Business rates relief was high on the agenda in this year’s budget. Whilst retailers, leisure operators and the hospitality industry will welcome the changes, what will happen after the year is up?
Read our legal insight to find out more about the changes, and what the government is proposing in the longer-term.
It had already been announced that the business rates retail discount for properties with a rateable value of below £51,000 in England was to be increased to 50% in 2020-21, and would be expanded to include cinemas and music venues. In the budget, the Chancellor acknowledged the additional support required by small businesses in response to COVID-19 and announced a further increase to 100% for 2020-21. The leisure and hospitality sectors will also benefit from this 100% ‘business rates holiday’.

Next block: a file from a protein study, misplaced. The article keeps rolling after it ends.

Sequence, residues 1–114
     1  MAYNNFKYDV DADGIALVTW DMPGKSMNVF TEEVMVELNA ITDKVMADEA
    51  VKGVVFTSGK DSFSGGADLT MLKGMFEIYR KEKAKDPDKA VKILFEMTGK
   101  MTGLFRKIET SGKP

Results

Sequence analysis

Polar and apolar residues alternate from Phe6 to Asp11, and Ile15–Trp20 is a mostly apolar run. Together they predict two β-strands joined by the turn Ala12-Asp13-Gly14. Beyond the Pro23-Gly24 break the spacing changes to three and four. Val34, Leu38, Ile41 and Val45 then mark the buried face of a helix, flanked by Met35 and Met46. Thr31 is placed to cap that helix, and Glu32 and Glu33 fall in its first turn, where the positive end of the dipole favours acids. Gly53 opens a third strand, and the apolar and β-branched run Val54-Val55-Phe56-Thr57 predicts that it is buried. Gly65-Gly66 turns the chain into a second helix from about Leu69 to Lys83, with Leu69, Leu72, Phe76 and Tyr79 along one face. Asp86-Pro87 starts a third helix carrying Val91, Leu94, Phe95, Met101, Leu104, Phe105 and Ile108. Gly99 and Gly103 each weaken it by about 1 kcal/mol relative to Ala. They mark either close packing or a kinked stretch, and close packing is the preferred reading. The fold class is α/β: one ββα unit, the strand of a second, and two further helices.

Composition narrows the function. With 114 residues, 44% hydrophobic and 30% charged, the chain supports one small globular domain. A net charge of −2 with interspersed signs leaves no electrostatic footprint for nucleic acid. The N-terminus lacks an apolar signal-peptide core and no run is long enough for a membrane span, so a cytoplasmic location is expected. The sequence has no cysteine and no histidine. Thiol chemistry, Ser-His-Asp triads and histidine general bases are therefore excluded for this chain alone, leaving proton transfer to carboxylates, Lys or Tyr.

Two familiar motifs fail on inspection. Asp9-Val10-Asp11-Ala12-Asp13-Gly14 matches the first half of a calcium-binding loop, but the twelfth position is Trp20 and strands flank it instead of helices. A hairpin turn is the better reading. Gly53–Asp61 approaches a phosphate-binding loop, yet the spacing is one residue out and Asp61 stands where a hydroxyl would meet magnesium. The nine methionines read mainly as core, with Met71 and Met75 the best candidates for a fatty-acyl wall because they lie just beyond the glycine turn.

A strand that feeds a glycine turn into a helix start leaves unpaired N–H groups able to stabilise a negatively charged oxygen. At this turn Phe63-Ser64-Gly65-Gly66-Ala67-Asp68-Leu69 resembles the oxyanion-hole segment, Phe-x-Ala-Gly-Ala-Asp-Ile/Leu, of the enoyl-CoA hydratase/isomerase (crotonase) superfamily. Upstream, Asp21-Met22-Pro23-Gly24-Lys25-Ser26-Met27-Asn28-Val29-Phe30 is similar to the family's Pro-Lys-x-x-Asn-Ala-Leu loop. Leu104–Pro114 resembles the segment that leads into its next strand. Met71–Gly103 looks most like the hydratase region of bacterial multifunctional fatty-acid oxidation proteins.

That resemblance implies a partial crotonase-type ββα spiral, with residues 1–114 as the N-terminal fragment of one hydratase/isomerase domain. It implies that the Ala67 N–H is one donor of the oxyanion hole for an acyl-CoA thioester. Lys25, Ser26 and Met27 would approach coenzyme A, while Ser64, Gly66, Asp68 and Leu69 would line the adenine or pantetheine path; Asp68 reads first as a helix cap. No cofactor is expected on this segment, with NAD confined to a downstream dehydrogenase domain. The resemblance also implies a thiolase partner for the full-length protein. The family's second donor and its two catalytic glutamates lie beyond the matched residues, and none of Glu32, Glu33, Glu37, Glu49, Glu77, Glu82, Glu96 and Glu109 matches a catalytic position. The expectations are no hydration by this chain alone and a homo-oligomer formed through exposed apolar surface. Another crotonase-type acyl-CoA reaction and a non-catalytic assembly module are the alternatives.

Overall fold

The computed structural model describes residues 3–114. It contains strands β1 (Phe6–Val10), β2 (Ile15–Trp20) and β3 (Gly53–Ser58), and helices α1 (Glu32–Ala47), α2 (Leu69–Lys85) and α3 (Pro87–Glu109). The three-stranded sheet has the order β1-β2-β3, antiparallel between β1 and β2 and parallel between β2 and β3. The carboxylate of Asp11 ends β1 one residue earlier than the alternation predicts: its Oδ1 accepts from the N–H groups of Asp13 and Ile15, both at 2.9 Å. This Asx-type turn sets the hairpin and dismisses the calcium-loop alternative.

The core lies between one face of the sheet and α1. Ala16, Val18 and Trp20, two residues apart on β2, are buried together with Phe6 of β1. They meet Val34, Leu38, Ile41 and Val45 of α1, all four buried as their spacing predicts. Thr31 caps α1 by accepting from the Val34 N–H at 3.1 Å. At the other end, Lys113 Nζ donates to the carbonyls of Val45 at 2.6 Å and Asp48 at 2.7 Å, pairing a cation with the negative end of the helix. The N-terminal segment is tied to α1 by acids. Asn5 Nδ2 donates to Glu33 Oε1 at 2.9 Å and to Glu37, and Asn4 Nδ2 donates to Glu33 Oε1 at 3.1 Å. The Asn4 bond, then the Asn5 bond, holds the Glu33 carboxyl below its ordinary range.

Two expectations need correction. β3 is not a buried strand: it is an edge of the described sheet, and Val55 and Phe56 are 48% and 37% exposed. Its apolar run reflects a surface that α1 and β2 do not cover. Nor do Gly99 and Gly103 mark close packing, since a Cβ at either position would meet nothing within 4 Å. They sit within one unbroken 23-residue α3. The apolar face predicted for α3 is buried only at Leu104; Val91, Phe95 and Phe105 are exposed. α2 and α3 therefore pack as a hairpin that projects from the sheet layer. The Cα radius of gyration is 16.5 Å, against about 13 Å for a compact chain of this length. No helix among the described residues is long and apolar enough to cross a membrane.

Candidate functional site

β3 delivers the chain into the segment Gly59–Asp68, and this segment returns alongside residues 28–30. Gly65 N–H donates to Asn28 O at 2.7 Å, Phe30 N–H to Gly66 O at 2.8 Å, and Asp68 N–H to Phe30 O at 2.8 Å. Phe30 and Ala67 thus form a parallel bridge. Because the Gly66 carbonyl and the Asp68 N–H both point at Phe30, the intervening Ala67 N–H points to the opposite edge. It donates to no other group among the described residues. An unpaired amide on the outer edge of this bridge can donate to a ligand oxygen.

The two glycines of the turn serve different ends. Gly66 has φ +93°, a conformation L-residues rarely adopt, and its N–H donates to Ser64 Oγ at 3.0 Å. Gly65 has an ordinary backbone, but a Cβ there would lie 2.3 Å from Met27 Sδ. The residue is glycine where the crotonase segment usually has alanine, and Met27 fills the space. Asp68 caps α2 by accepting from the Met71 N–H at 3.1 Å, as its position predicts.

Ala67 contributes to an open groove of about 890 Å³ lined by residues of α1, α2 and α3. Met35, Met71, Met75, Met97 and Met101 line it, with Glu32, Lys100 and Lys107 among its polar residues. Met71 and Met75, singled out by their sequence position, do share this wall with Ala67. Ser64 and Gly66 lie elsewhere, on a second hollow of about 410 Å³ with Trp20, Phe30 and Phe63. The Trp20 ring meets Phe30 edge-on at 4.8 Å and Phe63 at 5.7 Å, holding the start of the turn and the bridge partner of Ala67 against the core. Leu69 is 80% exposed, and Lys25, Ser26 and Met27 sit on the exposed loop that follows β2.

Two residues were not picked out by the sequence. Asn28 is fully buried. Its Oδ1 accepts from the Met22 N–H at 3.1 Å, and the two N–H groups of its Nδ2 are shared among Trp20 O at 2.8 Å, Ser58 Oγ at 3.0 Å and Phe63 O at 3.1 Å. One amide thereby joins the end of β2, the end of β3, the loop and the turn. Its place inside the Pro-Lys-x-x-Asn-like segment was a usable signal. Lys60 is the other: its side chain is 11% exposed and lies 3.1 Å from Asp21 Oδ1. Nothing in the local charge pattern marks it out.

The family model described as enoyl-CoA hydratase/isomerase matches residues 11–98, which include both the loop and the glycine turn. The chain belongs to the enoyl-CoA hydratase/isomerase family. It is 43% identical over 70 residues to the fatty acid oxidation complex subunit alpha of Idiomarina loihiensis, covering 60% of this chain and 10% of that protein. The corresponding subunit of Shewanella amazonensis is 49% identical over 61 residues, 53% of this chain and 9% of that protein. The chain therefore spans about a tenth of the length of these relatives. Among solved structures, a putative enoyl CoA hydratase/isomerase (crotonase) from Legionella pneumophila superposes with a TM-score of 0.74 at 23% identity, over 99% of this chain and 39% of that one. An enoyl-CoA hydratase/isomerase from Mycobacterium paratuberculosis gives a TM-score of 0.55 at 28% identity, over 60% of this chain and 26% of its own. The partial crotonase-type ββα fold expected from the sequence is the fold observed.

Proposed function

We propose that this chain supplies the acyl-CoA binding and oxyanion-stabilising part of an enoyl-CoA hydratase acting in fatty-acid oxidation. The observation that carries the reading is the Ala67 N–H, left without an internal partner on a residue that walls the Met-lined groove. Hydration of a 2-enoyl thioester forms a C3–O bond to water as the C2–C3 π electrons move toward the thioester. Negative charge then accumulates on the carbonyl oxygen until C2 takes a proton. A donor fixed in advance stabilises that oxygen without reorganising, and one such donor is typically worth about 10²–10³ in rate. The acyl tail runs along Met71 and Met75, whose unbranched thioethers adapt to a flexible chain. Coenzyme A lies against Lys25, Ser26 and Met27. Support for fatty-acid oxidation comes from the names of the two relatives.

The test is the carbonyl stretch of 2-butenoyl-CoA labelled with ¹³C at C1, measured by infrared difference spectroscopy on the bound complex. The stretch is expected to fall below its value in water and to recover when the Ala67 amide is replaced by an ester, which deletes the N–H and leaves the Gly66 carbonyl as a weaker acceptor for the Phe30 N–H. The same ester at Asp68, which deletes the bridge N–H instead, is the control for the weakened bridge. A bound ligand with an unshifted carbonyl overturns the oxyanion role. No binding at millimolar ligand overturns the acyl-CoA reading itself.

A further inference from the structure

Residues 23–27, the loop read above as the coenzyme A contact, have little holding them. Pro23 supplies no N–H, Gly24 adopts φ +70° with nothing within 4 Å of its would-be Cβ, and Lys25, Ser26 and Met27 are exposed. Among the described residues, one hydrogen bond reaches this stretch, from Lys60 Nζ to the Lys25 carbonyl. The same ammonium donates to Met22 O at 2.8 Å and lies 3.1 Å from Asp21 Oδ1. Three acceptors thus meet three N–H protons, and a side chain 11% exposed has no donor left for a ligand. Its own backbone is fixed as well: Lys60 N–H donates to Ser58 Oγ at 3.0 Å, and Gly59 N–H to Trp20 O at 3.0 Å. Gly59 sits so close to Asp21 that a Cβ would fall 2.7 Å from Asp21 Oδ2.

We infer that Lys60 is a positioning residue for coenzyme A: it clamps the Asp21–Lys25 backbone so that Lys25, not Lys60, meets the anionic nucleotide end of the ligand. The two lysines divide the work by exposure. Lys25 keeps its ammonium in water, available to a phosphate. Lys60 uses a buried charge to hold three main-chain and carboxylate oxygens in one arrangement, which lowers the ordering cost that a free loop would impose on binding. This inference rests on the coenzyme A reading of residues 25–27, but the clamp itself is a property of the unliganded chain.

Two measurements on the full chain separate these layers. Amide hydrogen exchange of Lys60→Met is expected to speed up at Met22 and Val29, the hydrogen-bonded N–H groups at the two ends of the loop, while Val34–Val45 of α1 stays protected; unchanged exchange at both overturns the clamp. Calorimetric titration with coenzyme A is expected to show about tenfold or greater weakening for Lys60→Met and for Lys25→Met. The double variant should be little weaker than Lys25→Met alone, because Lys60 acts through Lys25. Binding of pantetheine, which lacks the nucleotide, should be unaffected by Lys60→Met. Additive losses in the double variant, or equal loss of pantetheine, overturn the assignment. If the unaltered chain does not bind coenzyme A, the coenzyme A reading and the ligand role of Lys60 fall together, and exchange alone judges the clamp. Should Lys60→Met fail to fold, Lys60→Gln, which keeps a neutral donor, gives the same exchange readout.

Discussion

The budget sets out that these temporary measures, taken together with existing small business rates relief, mean that around 900,000 properties, or 45% of all properties in England, will receive 100% business rates relief in 2020-21.
Pubs with a rateable value of over £51,000 will also see some additional support. The government had also already announced the introduction of a £1,000 Business Rates discount for pubs with a rateable value below £100,000 in England for one year from 1 April 2020. This is being increased to £5,000.
Whilst retailers, leisure operators, and their landlords, will welcome these changes, already struggling local authorities are not going to view them in such a positive light. It is clear that further long-term change is necessary.
A more wholesale review of business rates is on the cards. The government published terms of reference alongside the budget and has stated that a Call for Evidence will be published in spring 2020, with a report due by autumn 2020.
We will be monitoring and reporting on developments.Contributor: Alexandra Holsgrove Jones